romantics have the highest heroic sense. it is they who dare ask why things are so and it is they who push the limits set by the status quo. it is they who conjure the vision of a world outside the box. who could not be satisfied with what is given, unable to bear the monotony of cycles or the security of the herd. Thus romantics are, by nature alone and shall forever be lonely despite people who love them.

And in literature they abound. Great writers have paid tribute to them. Ophelia might be the most tragic of Shakepeare’s hopeless devoted romantics. confused and bewildered she goes mad and flings herself into the lake. Young Werther has roused the emotions of much of Europe when Goethe published his story. Young men have emulated Werther’s despair, and in his death, many perceived as victory over unrequited desire. And what about Thomas Mann’s Aschenbach wasting away in Venice over his obsession with beauty in the form of a young man?

the French have mastered re-telling the stories of these foolish romantics. From Victor Hugo’s hunchback to the more recent filimng of Jean de Florette/Manon of the Springs. There’s a bittersweet scene where a peasant has gone insanely in love with Manon, that he sewed her ribbon onto his chest, near his heart– and it stuck to his chest till he died.

surely it can’t be a sickness? It is embedded in our hearts. whether we choose to indulge in this passion or not may be triggered is entirely up to us. The object may not necessarily be someone. it could be an ideology, a scientific discovery, art, an inexpressible religious experience. and yes, when the romantic is assailed by all these, time will stand still.

But i am, of course, exaggerating so as to ingratiate myself among these larger than life luminaries. for I am not one of them entirely. I do allow myself to indulge in this passion and yet up to a certain degree. i fall short of the heroic and so all I could do is admire and adore those who are really hopeless and severe. and yet i do feel the same pain, the same intensity. But my will is much weaker than these who have dared to walk past the forbidden line.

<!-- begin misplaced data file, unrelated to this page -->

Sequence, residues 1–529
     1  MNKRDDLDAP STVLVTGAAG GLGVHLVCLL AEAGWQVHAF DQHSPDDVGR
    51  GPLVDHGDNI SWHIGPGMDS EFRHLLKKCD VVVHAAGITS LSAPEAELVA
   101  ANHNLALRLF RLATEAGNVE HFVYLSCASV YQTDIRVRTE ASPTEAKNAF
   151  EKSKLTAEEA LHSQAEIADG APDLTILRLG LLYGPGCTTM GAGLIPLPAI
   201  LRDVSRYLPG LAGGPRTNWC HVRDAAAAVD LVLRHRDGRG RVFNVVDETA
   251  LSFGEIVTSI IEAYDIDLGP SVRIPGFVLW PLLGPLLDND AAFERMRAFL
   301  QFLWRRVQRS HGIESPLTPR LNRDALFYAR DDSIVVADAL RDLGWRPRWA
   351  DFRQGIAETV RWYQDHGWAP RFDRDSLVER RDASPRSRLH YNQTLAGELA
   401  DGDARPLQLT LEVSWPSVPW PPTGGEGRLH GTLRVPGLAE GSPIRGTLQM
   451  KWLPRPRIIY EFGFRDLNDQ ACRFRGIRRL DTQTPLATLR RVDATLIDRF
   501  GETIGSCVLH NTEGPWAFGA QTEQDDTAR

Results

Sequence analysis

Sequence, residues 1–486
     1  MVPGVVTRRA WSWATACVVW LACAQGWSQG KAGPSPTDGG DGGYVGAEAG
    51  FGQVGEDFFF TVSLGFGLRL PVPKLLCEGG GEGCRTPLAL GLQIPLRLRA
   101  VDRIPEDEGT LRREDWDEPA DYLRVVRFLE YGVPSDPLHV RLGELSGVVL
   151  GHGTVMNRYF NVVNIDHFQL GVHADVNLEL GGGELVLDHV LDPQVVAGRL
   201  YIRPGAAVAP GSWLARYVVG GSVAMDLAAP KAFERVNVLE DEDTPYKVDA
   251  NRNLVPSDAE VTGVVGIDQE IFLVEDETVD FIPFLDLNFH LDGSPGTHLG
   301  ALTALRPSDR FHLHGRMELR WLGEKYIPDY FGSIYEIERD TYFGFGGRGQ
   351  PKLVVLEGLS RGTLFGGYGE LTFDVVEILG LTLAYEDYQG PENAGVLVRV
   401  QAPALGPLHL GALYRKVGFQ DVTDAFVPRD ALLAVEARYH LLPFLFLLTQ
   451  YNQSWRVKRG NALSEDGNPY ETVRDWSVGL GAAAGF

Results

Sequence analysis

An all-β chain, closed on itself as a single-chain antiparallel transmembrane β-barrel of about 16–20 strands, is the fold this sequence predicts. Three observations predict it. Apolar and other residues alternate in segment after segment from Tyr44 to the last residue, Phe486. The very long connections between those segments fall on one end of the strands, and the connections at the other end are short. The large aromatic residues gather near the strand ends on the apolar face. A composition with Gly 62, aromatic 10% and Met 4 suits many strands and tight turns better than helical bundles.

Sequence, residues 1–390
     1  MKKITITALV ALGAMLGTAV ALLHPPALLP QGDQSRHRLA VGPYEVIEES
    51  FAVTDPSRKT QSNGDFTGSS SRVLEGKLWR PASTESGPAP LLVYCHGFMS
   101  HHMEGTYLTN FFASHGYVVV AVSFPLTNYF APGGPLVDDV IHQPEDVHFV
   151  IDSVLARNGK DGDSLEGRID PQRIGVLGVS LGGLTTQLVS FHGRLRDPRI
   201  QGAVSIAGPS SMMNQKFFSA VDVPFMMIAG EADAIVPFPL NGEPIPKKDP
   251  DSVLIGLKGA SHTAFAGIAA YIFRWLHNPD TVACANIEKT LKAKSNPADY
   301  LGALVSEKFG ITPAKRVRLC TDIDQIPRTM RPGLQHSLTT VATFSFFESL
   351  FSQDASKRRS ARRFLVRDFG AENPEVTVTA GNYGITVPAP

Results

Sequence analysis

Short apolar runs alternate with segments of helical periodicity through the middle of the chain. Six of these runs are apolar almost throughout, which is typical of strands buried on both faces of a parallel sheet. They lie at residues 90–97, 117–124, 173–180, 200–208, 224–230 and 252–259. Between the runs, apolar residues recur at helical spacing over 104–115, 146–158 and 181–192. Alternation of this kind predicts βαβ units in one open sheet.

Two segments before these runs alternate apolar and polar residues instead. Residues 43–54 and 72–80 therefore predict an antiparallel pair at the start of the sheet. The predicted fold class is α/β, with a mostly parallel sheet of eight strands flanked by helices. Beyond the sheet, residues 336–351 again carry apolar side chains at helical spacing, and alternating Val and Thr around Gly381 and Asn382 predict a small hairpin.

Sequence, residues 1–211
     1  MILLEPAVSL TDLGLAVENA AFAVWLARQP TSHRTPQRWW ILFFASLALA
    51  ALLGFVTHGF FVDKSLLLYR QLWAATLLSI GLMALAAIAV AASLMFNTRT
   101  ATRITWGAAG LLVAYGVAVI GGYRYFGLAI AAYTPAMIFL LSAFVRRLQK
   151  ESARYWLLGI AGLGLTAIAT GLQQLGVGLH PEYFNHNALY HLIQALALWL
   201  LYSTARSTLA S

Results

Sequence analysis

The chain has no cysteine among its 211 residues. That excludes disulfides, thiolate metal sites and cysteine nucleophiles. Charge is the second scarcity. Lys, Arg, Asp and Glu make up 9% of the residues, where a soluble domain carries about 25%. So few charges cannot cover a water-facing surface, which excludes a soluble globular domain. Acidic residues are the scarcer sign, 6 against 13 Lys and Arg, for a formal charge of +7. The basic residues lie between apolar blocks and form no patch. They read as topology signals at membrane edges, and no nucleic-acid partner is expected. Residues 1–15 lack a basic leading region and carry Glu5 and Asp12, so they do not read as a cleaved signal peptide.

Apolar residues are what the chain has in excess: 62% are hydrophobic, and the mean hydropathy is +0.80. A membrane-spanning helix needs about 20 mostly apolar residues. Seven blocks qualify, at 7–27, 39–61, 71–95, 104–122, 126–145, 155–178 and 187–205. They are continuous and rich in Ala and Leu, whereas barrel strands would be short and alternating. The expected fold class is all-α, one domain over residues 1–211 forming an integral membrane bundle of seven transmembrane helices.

Saturday, July 24, 2010

hopeless romantic (1)

i am reposting these random thoughts from my old blog. with a few tweaks here and there, it still pretty much resonates.

hopeless romantic (1)

hopeless romantic. it’s a label tagged over and over again for people who are so much into falling in love– no matter who the object of desire is. pathetic little creatures we are. we dwell in our fantasies. we spin splendid scenarios of intimacies clutching our pillows when we’re in bed, talking to ourselves while we take long walks, collecting daydreams, relishing that tingle of pain that scratches our hearts when we recall a sweet memory. it’s a sickness that I catch less and less now. But when I do catch it (yes, it’s like flu), the intensity is much the same.

I’ve known some people who can easily brush this malady aside. Is there a vitamin that somehow strengthens one’s resistance to it? In fact I think we, hopeless romantics are very few in proportion. We are the stuff films and plays and a host of mediocre tv crap are made of. We are the lifeblood of this otherwise drab existence. and yet others who have managed to keep this passion at bay would, I imagine, laugh at us for being idiots.

i have always believed that amorous love– this feeling, this passion is at its most magnificent when it is without dignity. which paradoxically, by virtue of that lack, in fact, gives it a higher form of dignity instead. My example would be victor hugo’s hapless lonely daughter gone insane over a soldier who didn’t love her. adele, immortalized in truffaut’s the story of adele h. plunged into doing undignifying things for the object of a love that she knows will never be hers. and at the film's end, i would be awestruck by how she had destroyed herself almost willfully for love. and this very fantasy fascinates me. and continues to fascinate me. how much can I really do for love (that song in chorus line comes to mind– i told you– it could get divinely profound or awfully cheesy– it doesn’t matter, this is my blog!) ?

how many times have i been in that similar situation, licking the wounds I inflicted upon myself. painfully deciding to set free the object/s of my desire.

my friends roll their eyes. I don’t have their sympathies. they know I love the feeling of being smitten and getting hurt and going through the rigmarole of unrequited affections. it’s an idiotic state I will avidly get into whenever i get the chance. the risks can get very high indeed. i am beginning to believe it’s giving me the lower back pain. and yet I willingly dive into the murky pool, unmindful of consequences to me, especially.

I watched another french movie about four years ago. I forgot the title. (can anyone supply?) I remember the very first scene: a female cat was in terrific heat and she was quivering in awful passionate cringing desire. it was the story of a married woman who falls madly in love with a rather dispassionate NGO volunteer. when the guy leaves her she suffers a breakdown. Unable to function, she goes into a terrible depression (not unlike the cat in the film's opening credits). she chances upon reading about this obscure Greek myth. there was this cliff where the god Apollo throws hopelessly languid mortals into the sea to cure them of their lovesickness. On one occasion, she goes to Greece with a friend and finds this cliff. she plunges into the water. Her friend thinking that she has committed suicide shouts for help. After a long while, we see her resurface, and immediately we know she has just been cured.

that’s almost what it will take for me to relieve me of this awfully painful yet sweet malady, whenever it comes and comes unrequited. now i realize why i take to swimming much too much. back to the pool.